... and some firm love doesn't hurt, either.
My daughter wants to play socer in high school. She's a freshman so this season in club soccer is very important. She's got to spend this season getting ready for the tryouts that are coming up. She's a tough, aggressive player, but her ball control skills were very rough. Enter Deliberate Practice.
In Deliberate Practice, you work with a coach to pick out small, individual skills to work on. You work on one at a time, obsessing on it in individual practice until you've got it down pat. You then move on to the next one. You pick skills that you can almost do right now, not ones that are way out of reach. I made sure she listened to a bit of Talent is Overrated and I explained the technique to her. She bought in to the program initially.
As long as I worked out with her, she practiced cheerfully. On her own, she did nothing. When told she neeeded to seriously work out on her own, she claimed she didn't want to do soccer any more and was just doing it for me. We said we didn't care and she had made a commitment to the other girls and the coach. We had a huge row. Next time she needed to be honest with us and tell us if she didn't want to do something, but for now she was going to do everything she needed to do to get good at the sport. We made support of future hobbies and sports contingent on her being the best player she could possibly be this club season.
At that point, the season had about 4 months to go. It must have seemed like we were condemning her to an eternity of forced labor at that point.
We kept going on the Deliberate Practice and she started working on her own. I found YouTube videos illustrating the techniques she needed to work on and gave her the links. She started getting better. Soon I was coming home and she was telling me how she had worked on this or that after school. I noticed big improvements when we worked out together. Each game she did better and better. She decided she wanted to work on her ball juggling skills and I found her in the Catican one day, going through YouTube, finding instructional videos on her own.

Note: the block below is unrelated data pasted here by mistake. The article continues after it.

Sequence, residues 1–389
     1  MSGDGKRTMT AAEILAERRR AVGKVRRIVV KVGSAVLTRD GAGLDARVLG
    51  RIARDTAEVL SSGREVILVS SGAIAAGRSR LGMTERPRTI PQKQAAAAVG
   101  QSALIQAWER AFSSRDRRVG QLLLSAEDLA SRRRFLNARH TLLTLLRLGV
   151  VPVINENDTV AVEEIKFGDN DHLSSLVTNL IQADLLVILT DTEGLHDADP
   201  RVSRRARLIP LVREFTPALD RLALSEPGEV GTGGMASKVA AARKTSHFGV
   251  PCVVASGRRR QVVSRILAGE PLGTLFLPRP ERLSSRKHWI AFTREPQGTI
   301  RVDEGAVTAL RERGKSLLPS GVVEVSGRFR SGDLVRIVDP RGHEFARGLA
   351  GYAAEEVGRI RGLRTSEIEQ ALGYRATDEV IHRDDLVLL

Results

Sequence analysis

She kept getting better. She was still starting on the bench in games, but soon, when she came in as a sub, she didn't go back out. Other girls got subbed out, but not her.
Yesterday she played the best game of her life. She looked natural and relaxed. For the first time in her playing career, she looked like a soccer player, not a girl playing soccer. While playing right fullback, there was a moment where her goalie was way out of the box and she had to face two opposing players with the ball right in front of the goal. She fought them to a standstill and eventually cleared the ball out of the box.
Her teammates, instead of yelling her name in exasperation, yelled it in praise. She beamed.
Her team is not very good. They got absolutely thumped yesterday, losing 6-0. It didn't matter. She played well and had a great time. We talked on the way home about the game as we always do and she told me how natural she was feeling out on the pitch. It was lovely.
As we've gone through this, we've done our best not to criticize her or do anything to demoralize her. Deliberate Practice is demoralizing enough on it's own. When we go out to the park and practice high ball collections for 85 reps (seriously, we do 50-90 reps on the skill we're praticing), I don't want to be out there with someone who is depressed because Dad's been yelling at her or Mom's been tearing her down. She needs to be as full of energy an enthusiasm as possible. This is tough work.
Deliberate Practice becomes its own reward. When we come home from a game and she talks about how she's feeling better doing this or that, I laugh and say, "It's almost like you've been working on it." She laughs and says, "Yeah, almost." I don't know if she's going to make the high school team, but I'm sure she's learning the more important lessons I want to teach - work leads to success and success leads to happiness.